The game could be key to preventing PTSD, a study finds, with reduced risk after just 15 minutes of playtime.
As a 28-week-pregnant woman, I spend my days scouring the internet for the perfect technique to make childbirth as pain-free and easy as possible.
Will my salvation be found in this $46 active birthing book? What about this $300 calm birthing course? Hold up, this $400 hypnobirthing YouTube series looks convincing …
So now imagine my delight at discovering I can save my shekels and have a trauma-free birth by simply playing Tetris for 15 minutes!
The budget for lactation courses just got a whole lot bigger.
But how does it all work? Well, the boffins at Lausanne University studied 146 women randomly assigned to either play Tetris or hang about doing a placebo activity for 15 minutes in the six hours following their emergency caesarean section. Women were eligible if they considered their birth to be traumatic.
When the researchers tracked PTSD symptoms over the next six months, they found that rates were significantly lower in those who engaged in the visuospatial task.
That’s because this type of activity interferes with the memory consolidation of traumatic images, which is key to developing the chronic condition, the researchers said.
The findings are yet another piece of evidence to suggest that distracting people from trauma could actually be helpful and, in fact, that giving counselling immediately after traumatic events could wind up making PTSD symptoms worse. There goes yet another famous psychological dictate, and one more reason my psychology major was a waste of time. (Should’ve gone all in on philosophy …)
If the healing powers of vidya are borne out, it could make the world of difference to the one in five women who develop PTSD after unplanned c-sections. And overall rates after childbirth may be even higher if Australia’s ongoing inquiry into birth trauma is anything to go by.
Even better, Tetris or similar distractions could be wielded more broadly.
“We are very enthusiastic because the activity was carried out under the supervision of the midwives and nurses in the maternity units, showing that it can be integrated into routine care,” said study authors Dr Camille Deforges and Dr Vania Sandoz.
“What’s more, it’s short, inexpensive and accessible to anyone, regardless of their native language. It therefore has real clinical potential.”
The disorder is characterised by symptoms that fall into four clusters: intrusions, avoidance of trauma-related reminders, alterations in arousal, and negative cognitions and mood.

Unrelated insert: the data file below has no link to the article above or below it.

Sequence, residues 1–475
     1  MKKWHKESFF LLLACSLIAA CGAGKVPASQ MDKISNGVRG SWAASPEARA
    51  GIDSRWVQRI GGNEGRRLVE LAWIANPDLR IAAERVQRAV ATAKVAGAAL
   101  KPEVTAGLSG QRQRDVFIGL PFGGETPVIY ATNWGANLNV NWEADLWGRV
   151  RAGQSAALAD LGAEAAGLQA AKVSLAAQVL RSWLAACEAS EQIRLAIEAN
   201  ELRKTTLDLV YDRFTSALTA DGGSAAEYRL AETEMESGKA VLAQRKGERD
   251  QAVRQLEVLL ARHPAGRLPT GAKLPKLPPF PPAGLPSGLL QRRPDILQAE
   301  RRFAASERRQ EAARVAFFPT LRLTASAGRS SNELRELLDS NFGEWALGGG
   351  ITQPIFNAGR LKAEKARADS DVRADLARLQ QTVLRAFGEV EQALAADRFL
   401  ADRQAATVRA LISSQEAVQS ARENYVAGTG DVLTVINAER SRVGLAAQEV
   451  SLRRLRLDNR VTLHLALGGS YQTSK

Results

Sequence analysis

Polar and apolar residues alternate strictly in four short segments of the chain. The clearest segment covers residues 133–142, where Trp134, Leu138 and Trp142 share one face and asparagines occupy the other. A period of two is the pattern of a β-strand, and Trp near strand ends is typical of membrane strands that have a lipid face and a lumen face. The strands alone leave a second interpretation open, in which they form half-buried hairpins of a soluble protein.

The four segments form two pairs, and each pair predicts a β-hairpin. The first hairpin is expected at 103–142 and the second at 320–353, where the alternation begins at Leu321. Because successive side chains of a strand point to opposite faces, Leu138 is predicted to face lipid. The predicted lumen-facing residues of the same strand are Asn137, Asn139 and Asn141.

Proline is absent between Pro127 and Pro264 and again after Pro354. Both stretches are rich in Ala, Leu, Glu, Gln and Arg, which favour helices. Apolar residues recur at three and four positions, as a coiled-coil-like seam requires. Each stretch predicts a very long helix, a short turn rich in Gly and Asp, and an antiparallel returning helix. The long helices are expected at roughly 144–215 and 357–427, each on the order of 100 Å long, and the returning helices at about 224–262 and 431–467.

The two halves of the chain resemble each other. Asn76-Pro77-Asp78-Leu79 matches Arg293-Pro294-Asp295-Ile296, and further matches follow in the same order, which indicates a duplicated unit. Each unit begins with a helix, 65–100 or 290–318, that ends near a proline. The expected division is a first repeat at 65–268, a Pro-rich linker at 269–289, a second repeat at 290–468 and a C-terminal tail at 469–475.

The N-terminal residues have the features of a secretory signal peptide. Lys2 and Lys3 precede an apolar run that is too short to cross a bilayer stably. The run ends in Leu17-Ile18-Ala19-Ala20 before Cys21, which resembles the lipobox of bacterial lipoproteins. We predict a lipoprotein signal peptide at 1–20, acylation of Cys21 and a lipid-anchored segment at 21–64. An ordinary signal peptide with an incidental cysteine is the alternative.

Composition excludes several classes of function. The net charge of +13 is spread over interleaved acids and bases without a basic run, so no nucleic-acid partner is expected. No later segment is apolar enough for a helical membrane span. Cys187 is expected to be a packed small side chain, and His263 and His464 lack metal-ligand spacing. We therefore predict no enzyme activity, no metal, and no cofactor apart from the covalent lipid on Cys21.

Intrusive memories are thought to be driven by an overload of sensory processing, particularly visual, around the time of the trauma. The end result for victims is repeated, involuntary and distressing fragments of the traumatic memory resurfacing.
While scientists are still debating exactly how that process works, the thinking is that interrupting it within a few hours of the event with a neutral visuospatial task can prevent the patient developing those intrusive memories.
And the hypothesis has some backing from other research. Other randomised controlled trials have found intrusive memories were less common thanks to post-trauma Tetris in those admitted to EDs and in those who had emergency caesarean sections in the subsequent weeks.
The next question was whether it actually made a difference to PTSD symptoms.
The Swiss researchers did find that self-reported PTSD symptoms were slightly better in the Tetris group at six weeks, and significantly better at six months.
In particular, playing Tetris significantly improved cognition and mood symptoms and arousal at six months compared to the placebo intervention, but had no effect on avoidance. Those in the placebo group were instructed to keep a written activity log, which included comments such as “being with baby, 10 min” and “lying on my bed, 5 min”.
Despite the Nintendo mums feeling better than their journalling peers, the researchers did not find differences between groups when clinicians assessed the PTSD criteria.
Regardless, that’s all the convincing I need. Dad can do the golden hour, I’ll be over here playing The Legend of Zelda.
Send distractions and means of forgetfulness to email@example.com.